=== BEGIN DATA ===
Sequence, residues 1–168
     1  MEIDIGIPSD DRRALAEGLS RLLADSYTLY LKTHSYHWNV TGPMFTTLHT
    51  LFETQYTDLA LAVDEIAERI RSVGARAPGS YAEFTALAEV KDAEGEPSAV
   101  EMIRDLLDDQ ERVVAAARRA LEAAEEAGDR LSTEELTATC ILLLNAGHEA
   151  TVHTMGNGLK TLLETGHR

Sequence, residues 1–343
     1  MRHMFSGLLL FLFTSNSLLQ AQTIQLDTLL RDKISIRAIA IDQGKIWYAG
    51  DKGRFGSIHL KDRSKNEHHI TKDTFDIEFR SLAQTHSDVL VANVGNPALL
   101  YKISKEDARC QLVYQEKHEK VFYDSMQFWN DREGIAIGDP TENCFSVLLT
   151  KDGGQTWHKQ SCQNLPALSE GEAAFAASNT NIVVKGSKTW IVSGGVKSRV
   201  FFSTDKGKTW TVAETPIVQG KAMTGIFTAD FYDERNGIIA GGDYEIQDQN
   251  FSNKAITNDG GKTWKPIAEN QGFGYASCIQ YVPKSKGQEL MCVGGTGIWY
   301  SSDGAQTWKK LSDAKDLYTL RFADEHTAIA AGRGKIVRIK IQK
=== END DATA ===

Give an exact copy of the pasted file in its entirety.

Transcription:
Sequence, residues 1–168
     1  MEIDIGIPSD DRRALAEGLS RLLADSYTLY LKTHSYHWNV TGPMFTTLHT
    51  LFETQYTDLA LAVDEIAERI RSVGARAPGS YAEFTALAEV KDAEGEPSAV
   101  EMIRDLLDDQ ERVVAAARRA LEAAEEAGDR LSTEELTATC ILLLNAGHEA
   151  TVHTMGNGLK TLLETGHR

Sequence, residues 1–343
     1  MRHMFSGLLL FLFTSNSLLQ AQTIQLDTLL RDKISIRAIA IDQGKIWYAG
    51  DKGRFGSIHL KDRSKNEHHI TKDTFDIEFR SLAQTHSDVL VANVGNPALL
   101  YKISKEDARC QLVYQEKHEK VFYDSMQFWN DREGIAIGDP TENCFSVLLT
   151  KDGGQTWHKQ SCQNLPALSE GEAAFAASNT NIVVKGSKTW IVSGGVKSRV
   201  FFSTDKGKTW TVAETPIVQG KAMTGIFTAD FYDERNGIIA GGDYEIQDQN
   251  FSNKAITNDG GKTWKPIAEN QGFGYASCIQ YVPKSKGQEL MCVGGTGIWY
   301  SSDGAQTWKK LSDAKDLYTL RFADEHTAIA AGRGKIVRIK IQK